11/16/2007 12:00AM

Ellie Boje Farm enjoying solid season

EmailThe year 2007 for Canadian-bred horses will be remembered mostly for the exploits of a trio of Grade 1 winners who made their country's horsepeople proud.

Jambalaya, bred by Gus Schickedanz of Schomberg, Ontario, and raced by Kingfield Farms, became the first Canadian-bred winner of the Arlington Million; Sky Conqueror, owned and bred by Bill Sorokolit, won the Grade 1 Woodford Reserve Turf Classic at Churchill Downs on Kentucky Derby Day; and Maryfield, bred and sold by Mike Carroll and John Harvey Jr., won the inaugural running of the Breeders' Cup Filly and Mare Sprint.

There were dozens of other successful breeding stories from Canada during the season.

Joe and Ellen MacLellan's Ellie Boje Farm, located in eastern Ontario in Spencerville, did a lot with a handful of mares and racehorses.

In a list published this week by Thoroughbred Times through Equineline, Ellie Boje was the leading breeder of Ontario-bred runners by average earnings per starter. The farm's five starters earned more than $460,000, an average of more than $93,000.

Leading the pack was multiple stakes winner Rahy's Attorney (Crown Attorney-Rahy's Hope, by Rahy) who won the Vice Regent and Bunty Lawless stakes on turf this year.

The MacLellan's got involved in breeding racehorses soon after setting up their farm in 1993 through Bob Anderson, who guided them toward their mare purchases.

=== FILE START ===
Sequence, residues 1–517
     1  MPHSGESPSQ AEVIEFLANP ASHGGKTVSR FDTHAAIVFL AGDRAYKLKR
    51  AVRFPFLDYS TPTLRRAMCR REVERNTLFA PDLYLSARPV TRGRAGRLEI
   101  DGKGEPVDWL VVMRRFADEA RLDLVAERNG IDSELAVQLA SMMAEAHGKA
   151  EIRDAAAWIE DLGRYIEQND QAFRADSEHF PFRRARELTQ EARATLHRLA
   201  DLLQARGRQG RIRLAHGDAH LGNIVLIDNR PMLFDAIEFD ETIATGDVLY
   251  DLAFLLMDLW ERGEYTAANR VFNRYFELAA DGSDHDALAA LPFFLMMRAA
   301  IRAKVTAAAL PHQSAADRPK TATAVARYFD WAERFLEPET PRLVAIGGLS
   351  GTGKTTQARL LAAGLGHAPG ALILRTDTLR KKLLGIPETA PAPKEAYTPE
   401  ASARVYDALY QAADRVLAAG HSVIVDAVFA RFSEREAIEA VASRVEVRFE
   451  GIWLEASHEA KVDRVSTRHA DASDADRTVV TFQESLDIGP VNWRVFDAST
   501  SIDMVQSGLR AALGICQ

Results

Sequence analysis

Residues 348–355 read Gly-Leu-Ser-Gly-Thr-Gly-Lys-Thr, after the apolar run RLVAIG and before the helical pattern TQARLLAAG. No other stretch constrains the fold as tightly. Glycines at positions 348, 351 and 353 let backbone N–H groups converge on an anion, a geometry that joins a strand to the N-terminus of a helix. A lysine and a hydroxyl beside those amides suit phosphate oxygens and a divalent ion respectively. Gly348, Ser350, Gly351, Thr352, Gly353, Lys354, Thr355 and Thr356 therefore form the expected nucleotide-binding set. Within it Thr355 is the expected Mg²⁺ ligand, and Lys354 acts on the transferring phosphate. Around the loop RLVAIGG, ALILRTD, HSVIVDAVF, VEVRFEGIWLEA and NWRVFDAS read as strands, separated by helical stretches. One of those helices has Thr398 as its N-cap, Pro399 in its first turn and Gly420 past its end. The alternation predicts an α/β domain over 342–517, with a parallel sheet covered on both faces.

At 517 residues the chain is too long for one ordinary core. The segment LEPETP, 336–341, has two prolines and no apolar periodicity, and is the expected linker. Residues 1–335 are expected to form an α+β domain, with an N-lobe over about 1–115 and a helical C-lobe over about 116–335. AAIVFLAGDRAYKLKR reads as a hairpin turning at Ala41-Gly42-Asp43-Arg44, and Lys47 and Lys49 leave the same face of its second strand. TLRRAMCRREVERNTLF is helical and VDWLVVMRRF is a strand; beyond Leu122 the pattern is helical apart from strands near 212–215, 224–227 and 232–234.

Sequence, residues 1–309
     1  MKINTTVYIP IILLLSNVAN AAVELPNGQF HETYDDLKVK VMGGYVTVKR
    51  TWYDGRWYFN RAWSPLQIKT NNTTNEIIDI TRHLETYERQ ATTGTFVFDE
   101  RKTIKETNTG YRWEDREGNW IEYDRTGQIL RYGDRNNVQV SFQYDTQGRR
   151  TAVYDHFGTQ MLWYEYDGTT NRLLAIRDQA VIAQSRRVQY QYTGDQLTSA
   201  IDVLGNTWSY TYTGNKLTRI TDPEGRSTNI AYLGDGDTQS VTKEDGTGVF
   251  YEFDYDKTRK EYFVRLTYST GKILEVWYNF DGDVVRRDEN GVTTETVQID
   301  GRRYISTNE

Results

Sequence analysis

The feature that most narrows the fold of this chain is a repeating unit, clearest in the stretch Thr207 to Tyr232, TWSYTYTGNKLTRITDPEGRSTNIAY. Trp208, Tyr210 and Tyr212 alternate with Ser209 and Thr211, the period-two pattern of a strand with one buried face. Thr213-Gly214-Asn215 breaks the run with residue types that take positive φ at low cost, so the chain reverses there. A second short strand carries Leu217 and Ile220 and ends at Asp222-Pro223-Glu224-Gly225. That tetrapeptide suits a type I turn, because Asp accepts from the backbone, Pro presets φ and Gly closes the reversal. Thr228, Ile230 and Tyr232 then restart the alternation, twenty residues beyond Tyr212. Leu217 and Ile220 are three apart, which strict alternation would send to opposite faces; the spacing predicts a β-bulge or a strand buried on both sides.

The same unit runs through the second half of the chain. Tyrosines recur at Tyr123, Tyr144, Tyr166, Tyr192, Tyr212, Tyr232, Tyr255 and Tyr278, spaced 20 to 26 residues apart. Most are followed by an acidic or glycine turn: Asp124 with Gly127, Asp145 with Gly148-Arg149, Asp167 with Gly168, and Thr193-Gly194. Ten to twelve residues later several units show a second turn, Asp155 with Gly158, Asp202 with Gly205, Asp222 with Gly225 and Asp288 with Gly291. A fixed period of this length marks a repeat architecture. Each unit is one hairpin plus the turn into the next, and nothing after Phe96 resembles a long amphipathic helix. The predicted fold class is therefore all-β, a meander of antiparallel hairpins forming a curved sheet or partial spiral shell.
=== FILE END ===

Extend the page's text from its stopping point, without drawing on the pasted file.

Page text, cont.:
"Our first mare cost $7,500 and we sold the weanling the next year for $60,000 - we thought there was nothing to this," said Joe MacLellan. "It was a few years before we said that again."

Breeding strictly to sell, the couple had a modicum of success before Ellen was called back to full-time work at Health Canada.

"That was the end of our breeding business," said Joe, who has been confined to a wheelchair since breaking his back in a car accident years ago. "We decided to keep our horses and form a syndicate."

With his mother, Jean, brother Jim, and friends Mitch Peters and Dean Read on board, the couple burst onto the scene with trainer Ian Black in 2007, first with Rahy's Attorney and then with Glitter Rox, who recently placed in a stakes.

Glitter Rox, a Glitterman homebred, started out as a headache for the team, Her nervous and fractious tendencies caused her to fracture her withers early in her training.

"I read about this infrasound therapy that can calm horses and I bought one right away," Joe said. "She's had a complete turnaround."

The MacLellans do not have any mares currently but plan on getting back to the breeding business soon.

"I call the business a sickness that has no cure," Joe said. "We plan on buying at the upcoming Keeneland January sale."

Snowden breeding mares in Canada

Hal "Bubba" Snowden Jr. was in the news last month when the legendary John Henry, a horse he once owned, passed away at the age of 32.

Snowden, a native of Kentucky, is keen these days on breeding and racing his horses in Ontario.

"There are two reasons that brought me to Ontario and Woodbine," Snowden said. "The purses are very high for a wide variety of races that it offers. There is a lot on the menu in the condition book.

"I was also looking for a good place to race and market horses for sales, and Ontario has a super Ontario sire program and breeders' awards program."

Snowden sold his first yearlings in Ontario in September, including a Hold That Tiger filly for $72,000.

He had eight mares produce foals at Windfields Farm this year. At Woodbine in 2007, he raced the promising 2-year-old fillies Poco Uno (by E Dubai) and his Ontario homebred Dixieland Heat filly Bold 'n Trashy.